Reg E. Cathey, the eloquent Emmy-winning actor from House of Cards who also was known for his excellent work on The Wire, has died. He was 59. No details of his death were immediately available.
In 2015, Cathey won his Emmy for his portrayal of Freddy Hayes, the owner of a BBQ joint who ends up with a job in the White House, on Netflix’s House of Cards in a stretch of three straight years with a nomination. Simon reported Cathey’s death on Twitter.
On David Simon’s acclaimed drama The Wire, Cathey stood out as newspaperman turned Baltimore politician Norman Wilson, and on another acclaimed HBO series, Tom Fontana’s Oz, he was unit manager and warden Martin Querns.
Most recently, Cathey was seen as Chief Byron Giles on Robert Kirkman’s Cinemax series Outcast and was in HBO’s The Immortal Life of Henrietta Lacks.
In a statement given to The Hollywood Reporter on Friday, Netflix said: “We are heartbroken by the passing of our friend and House of Cards colleague … Reg was the kindest man, the most giving actor, a true gentleman.”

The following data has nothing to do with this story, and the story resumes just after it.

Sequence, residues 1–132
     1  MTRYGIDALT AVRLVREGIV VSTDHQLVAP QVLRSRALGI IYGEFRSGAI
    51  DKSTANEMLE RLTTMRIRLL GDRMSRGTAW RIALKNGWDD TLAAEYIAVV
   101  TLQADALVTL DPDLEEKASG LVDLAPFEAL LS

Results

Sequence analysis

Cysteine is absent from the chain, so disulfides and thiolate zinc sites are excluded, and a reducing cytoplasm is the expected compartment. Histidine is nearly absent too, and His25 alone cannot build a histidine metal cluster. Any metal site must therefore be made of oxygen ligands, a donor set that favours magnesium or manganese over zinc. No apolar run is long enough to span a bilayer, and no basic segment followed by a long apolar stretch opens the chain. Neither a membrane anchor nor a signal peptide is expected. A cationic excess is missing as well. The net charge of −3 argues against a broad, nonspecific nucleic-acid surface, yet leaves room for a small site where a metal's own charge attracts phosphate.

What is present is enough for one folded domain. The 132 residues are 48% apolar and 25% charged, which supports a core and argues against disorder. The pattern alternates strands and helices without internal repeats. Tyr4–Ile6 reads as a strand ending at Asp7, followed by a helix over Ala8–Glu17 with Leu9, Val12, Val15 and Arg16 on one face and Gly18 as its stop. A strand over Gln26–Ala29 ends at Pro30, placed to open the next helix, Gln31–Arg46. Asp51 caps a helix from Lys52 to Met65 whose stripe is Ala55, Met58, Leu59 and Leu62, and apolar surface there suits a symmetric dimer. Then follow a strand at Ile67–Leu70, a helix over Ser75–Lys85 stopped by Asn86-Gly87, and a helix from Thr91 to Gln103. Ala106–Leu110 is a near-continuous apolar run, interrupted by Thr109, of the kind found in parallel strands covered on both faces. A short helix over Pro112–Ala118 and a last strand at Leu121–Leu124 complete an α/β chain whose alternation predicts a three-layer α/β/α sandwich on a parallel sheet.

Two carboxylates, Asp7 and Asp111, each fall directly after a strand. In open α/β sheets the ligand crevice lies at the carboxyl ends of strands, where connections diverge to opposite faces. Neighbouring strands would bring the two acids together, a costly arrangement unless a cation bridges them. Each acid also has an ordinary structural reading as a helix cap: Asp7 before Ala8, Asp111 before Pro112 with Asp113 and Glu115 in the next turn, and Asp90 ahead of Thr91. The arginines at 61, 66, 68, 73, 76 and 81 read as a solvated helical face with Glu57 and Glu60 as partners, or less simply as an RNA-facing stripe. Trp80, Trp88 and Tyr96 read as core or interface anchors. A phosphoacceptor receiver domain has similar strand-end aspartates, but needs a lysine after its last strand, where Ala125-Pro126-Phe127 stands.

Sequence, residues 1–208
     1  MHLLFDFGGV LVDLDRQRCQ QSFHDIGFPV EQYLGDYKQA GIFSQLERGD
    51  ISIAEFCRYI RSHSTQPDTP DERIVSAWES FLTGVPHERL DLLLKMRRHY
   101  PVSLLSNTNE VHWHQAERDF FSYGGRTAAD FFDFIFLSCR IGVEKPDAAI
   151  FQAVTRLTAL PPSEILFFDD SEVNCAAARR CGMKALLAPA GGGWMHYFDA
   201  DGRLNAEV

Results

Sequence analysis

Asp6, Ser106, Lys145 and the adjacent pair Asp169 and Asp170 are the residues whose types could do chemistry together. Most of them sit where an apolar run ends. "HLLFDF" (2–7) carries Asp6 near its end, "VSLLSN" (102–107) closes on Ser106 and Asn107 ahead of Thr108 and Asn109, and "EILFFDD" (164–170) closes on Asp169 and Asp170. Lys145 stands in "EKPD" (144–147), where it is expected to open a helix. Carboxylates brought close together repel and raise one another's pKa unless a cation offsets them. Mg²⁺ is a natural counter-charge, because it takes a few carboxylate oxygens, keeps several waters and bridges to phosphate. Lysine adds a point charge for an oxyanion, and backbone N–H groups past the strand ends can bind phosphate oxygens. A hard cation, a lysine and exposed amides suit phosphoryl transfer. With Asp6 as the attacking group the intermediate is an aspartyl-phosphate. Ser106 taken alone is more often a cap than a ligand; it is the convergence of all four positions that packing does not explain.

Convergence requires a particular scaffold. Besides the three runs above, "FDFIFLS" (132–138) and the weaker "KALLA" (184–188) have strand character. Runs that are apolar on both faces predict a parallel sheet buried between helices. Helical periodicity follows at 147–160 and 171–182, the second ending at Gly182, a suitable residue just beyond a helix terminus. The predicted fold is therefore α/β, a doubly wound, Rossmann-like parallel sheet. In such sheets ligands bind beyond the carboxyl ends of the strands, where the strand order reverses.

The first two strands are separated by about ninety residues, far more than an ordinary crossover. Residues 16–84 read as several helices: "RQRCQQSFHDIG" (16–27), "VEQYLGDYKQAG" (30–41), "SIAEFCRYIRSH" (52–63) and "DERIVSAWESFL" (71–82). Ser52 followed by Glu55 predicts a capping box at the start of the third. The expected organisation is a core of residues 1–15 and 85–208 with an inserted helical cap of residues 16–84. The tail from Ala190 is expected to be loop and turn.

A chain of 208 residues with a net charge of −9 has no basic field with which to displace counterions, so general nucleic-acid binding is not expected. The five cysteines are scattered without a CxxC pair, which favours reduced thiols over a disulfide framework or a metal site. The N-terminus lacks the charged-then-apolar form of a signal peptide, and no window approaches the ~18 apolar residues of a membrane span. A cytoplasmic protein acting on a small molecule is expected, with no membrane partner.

Simon reported his death on Twitter.
Known for his commanding baritone voice, Cathey also portrayed Dr. Franklin Storm in the 2015 reboot of The Fantastic Four, and he appeared in other films like Born on the Fourth of July (1989), What About Bob? (1991), Clear and Present Danger (1994), Seven (1995), Tank Girl (1995), American Psycho (2000) and Pootie Tang (2001).
On TV, his credits also included the Simon miniseries The Corner, in which he played a drug addict; Star Trek: The Next Generation; Fontana’s Homicide: Life on the Street; and Grimm.
A native of Huntsville, Alabama, Cathey spent time as a child with his family in Germany, then graduated from J.O. Johnson High School in Huntsville and studied theater at the University of Michigan and the Yale School of Drama.
In a 2016 interview with The Guardian, Cathey said his career took off after the 44th U.S. president was elected.
“What I did notice is that Barack Obama becomes president and suddenly black people who are well-spoken are working more,” he said. “This new market for the well-spoken black actor is all due to Obama. He got inaugurated, and I started working like a fiend — hired by the same people who would previously ask: ‘Have you always spoken like that?’ It’s like, you know what, motherfuckers, yes, I have.”
(Excerpt) Read More in: The Hollywood Reporter